In this image provided by the Centers for Disease Control and Prevention, a photomicrograph of a fresh stool sample, which had been prepared using a 10% formalin solution, and stained with modified acid-fast stain, reveals the presence of four Cyclospora cayetanensis oocysts in the field of view.
The Food and Drug Administration says an outbreak of stomach illnesses in Iowa and Nebraska is linked to salad mix served at Olive Garden and Red Lobster restaurants in those states and supplied by a Mexican farm.
The outbreak has sickened more than 400 people in 16 states, including more than 100 in North Texas. The FDA said it is working to determine whether the salad mix is the source of illnesses in the other 14 states.
"It is not yet clear whether the cases reported from other states are all part of the same outbreak," the agency said in a statement. "The investigation of increased cases of cyclosporiasis in other states continues."
Both Olive Garden and Red Lobster are owned by Orlando-based Darden Restaurants. In a statement, Darden spokesman Mike Bernstein said the FDA's announcement is "new information."
"Nothing we have seen prior to this announcement gave us any reason to be concerned about the products we've received from this supplier," Bernstein said.
The FDA said it traced illnesses from the restaurants in Nebraska and Iowa to Taylor Farms de Mexico, the Mexican branch of Salinas, Calif.-based Taylor Farms. The company, which provides produce to the food service industry, said its facility located about 180 miles north of Mexico City in San Miguel de Allende is the only one of its 12 sites to be connected to the cases.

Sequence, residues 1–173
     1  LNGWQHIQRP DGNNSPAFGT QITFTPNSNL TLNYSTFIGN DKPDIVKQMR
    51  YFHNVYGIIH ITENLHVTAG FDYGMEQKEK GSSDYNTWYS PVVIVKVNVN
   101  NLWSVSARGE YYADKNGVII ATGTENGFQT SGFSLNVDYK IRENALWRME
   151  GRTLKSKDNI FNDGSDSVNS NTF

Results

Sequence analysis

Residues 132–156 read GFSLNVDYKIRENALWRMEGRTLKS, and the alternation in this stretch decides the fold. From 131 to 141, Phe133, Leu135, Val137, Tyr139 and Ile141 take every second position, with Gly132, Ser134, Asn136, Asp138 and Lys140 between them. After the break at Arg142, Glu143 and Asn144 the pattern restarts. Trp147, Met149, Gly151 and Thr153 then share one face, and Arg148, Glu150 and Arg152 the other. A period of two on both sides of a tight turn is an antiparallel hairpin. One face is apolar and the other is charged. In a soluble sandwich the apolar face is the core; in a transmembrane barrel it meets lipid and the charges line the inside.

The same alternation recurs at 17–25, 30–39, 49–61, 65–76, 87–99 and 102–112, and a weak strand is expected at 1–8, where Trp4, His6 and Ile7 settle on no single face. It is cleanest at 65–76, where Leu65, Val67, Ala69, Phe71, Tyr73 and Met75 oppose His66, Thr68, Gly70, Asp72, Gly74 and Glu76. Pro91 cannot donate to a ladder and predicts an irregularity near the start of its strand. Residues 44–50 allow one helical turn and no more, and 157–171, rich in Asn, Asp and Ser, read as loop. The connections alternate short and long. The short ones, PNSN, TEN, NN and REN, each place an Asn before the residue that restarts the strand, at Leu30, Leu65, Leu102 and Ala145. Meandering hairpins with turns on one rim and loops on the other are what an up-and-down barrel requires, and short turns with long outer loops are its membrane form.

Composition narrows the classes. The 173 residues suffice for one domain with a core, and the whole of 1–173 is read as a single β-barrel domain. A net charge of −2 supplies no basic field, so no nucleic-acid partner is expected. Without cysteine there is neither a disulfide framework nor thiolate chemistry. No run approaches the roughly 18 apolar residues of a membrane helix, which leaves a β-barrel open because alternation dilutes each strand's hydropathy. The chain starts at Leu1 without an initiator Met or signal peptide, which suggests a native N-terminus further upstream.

In a statement on the company's website, Taylor Farms says the Mexican facility is "state of the art and has an exceptional food safety record." The statement said the company is working with FDA investigators who are looking at the facility and that the product is out of the food supply.
The FDA said it had audited the Mexican processing facility in 2001 and found "no notable issues." The agency said it would increase surveillance efforts for green leafy products imported from Mexico.
The most recent known illness in the two states linked to the infected salad was in Nebraska a month ago. The typical shelf life for a salad mix is up to 14 days.
There have been more recent illnesses in other states. According to the Centers for Disease Control and Prevention, the most recent illness was July 23 but centers did not specify a location.
The agency said its investigation has not implicated any packaged salad sold in grocery stores.
Tarrant County is investigating 34 cases of cyclospora infections. Dallas County has 27 cases, Colling County has 25, and Denton County has 18 cases.
North Texas doctors have been unable to pinpoint the source of the outbreak in Texas. Epidemiologists have been interviewing people who fell ill to find out where they purchased fruits and vegetables and what restaurants they visited.
The CDC is looking at Texas cases that occurred in June and July. Investigators are also checking to make sure infected people did not travel outside of the United States and Canada within two weeks being sickened.
In some previous outbreaks of cyclospora, the cause was never discovered, federal officials say.
The Associated Press' Mary Clare Jalonick contributed to this report.